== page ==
[OpenAFS] readonly/readwrite

Corey Kovacs ckovacs@DEPAUW.EDU
Thu, 01 Mar 2001 11:20:19 -0500

> Second, the organization of things.  People generally recommended not
> to put hundreds or thousands of home directories in the same parent
> directory, because ls time goes into the toilet.  What we ended up
> doing was creating a volume called "users" mounted at
> /afs/<cell>/users.  Inside that, we have two layers of subdirectories
> corresponding to the first two characters of the username to break
> things up.  So for example, my "wngdn" account is at
> /afs/<cell>/users/w/n/wngdn, and that directory is a mount point for
> my personal volume (users.wngdn).
> Then to make things less confusing for the users, we created a volume
> called "home" and mounted it at /afs/<cell>/home, and populated it
> with symlinks to people's actual home directories.  So,
> /afs/<cell>/home/wngdn points to /afs/<cell>/users/w/n/wngdn.
> Then, we made a symlink in root.afs (/afs) called "home" and pointed
> at /afs/<cell>/home.  What we tell users is that their home directory
> is /afs/home/<username>, which is short and sweet.

So far this makes sense, the terms readonly and readwrite simply refer to
access from a users standpoint

i.e. I create readonly volumes for system stuff that I
want to have consistant across machines (and not let users muck with). for

example if I want to add the latest and greatest copy of my favorite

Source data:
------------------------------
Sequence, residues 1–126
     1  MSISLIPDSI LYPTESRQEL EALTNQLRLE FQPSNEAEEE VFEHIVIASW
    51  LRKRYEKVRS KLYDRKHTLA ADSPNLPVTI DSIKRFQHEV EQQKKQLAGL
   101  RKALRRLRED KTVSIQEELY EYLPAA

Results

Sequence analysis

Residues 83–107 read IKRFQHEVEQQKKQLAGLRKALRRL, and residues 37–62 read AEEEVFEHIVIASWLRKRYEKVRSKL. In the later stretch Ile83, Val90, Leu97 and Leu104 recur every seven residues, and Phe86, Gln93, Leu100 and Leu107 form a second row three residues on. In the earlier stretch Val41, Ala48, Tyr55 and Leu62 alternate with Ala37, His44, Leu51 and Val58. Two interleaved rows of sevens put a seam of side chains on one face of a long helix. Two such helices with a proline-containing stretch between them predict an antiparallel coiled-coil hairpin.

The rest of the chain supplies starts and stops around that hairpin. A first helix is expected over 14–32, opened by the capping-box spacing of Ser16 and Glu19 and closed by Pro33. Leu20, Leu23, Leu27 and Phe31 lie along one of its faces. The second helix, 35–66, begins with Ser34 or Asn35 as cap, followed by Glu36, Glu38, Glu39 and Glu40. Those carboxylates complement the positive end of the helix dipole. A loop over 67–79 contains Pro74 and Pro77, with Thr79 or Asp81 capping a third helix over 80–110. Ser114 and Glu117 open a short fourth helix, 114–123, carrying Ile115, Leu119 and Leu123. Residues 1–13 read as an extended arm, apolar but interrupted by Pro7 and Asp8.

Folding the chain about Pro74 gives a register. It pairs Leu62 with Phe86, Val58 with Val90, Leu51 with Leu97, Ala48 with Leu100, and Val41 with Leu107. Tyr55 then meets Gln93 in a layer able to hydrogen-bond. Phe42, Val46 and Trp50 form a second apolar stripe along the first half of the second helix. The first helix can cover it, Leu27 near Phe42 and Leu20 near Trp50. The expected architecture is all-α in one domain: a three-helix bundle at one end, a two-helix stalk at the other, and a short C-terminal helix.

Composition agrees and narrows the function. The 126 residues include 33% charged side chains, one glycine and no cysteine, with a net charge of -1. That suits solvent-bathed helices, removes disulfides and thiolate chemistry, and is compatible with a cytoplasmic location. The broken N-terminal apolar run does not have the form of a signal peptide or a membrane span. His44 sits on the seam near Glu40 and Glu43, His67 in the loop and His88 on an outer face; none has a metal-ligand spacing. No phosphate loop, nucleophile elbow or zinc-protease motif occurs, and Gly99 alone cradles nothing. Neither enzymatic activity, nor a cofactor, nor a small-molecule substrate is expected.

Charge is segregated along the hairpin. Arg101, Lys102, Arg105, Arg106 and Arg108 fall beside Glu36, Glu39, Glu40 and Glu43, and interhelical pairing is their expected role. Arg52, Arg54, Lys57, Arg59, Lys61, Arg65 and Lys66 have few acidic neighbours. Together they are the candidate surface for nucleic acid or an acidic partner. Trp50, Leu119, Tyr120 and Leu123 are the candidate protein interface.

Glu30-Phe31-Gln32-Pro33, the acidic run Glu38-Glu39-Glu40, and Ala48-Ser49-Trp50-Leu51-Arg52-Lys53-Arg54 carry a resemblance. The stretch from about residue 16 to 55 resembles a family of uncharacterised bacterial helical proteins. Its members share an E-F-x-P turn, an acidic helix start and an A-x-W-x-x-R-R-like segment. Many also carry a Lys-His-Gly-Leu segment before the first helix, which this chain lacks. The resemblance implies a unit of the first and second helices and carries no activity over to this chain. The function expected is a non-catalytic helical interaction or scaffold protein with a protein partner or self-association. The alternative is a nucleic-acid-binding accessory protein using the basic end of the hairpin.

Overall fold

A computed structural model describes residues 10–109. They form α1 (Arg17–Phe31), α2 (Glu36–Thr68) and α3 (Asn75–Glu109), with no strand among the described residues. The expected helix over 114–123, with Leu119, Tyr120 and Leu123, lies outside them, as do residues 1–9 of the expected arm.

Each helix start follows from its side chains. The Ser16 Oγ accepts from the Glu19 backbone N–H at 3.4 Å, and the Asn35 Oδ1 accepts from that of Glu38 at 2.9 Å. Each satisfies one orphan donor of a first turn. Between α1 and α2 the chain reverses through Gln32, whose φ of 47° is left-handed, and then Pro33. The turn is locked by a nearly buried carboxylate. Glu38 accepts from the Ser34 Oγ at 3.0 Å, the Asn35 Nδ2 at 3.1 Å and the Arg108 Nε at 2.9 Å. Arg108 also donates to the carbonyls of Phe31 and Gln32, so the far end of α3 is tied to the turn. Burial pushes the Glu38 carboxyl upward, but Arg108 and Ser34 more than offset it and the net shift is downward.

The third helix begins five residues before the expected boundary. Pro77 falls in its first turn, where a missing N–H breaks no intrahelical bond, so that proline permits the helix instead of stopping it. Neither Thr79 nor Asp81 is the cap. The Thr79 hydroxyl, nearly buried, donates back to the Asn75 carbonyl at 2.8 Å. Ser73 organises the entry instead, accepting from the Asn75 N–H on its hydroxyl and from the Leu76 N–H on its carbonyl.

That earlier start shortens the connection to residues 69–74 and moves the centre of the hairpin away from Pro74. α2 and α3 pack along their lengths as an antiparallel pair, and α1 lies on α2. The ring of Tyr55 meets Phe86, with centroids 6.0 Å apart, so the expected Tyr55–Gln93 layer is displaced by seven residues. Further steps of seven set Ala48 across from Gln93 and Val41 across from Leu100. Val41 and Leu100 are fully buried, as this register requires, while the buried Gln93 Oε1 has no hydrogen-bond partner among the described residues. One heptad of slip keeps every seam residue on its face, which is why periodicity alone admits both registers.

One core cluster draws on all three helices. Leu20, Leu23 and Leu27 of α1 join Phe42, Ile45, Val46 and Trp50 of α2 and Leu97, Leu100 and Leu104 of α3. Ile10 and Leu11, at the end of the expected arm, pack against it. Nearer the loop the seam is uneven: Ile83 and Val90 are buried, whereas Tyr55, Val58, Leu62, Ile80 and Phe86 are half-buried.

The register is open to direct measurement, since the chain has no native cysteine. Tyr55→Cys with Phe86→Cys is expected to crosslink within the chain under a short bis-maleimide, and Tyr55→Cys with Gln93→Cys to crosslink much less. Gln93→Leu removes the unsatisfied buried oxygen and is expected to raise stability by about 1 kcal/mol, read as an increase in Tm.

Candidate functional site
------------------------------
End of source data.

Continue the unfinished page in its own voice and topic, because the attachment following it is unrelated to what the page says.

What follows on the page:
manager and X, I could make a readonly volume for say /usr/X11 and call it

usr.X11, or should it be root.cell.usr.X11? then create a mount point at
/afs/cellname/usr.X11 and symlink it to /usr/X11. Then when I make changes

to /afs/cellname/usr/X11 I'd do a vos release? Is this correct?

Then for users, I create a r/w volume called home or users or whatever,
then mount
it at say /afs/cellname/home. Now do I create volumes for each user, then
mount them
at places like

then creating a symlink from /afs/cellname/home to /home on each machine?
Or can I
simply go into that volume and do a mkdir user1, user2 ...

I suppose if I am even in the right ball park I could just as easily make
the spot in AFS
space their home directory instead of /home/user1 etc.

so to recap (kind of) readonly for stuff like system binaries, and
read/write for
stuff like home directories. And the only things that nead to be
"released" are
read only volumes after I make a change to them. Is this right?

Thanx again for all the help.

Also, in case anyone cares, this is going to be for a Linux lab at the
school I work at
for use by students (less than 200 users total)

Corey Kovacs               "I know not with what weapons World War III
Computer Science Dept.      will be fought, but World War IV will be
DePauw University.          fought with sticks and stones."
765.658.4761                            - Albert Einstein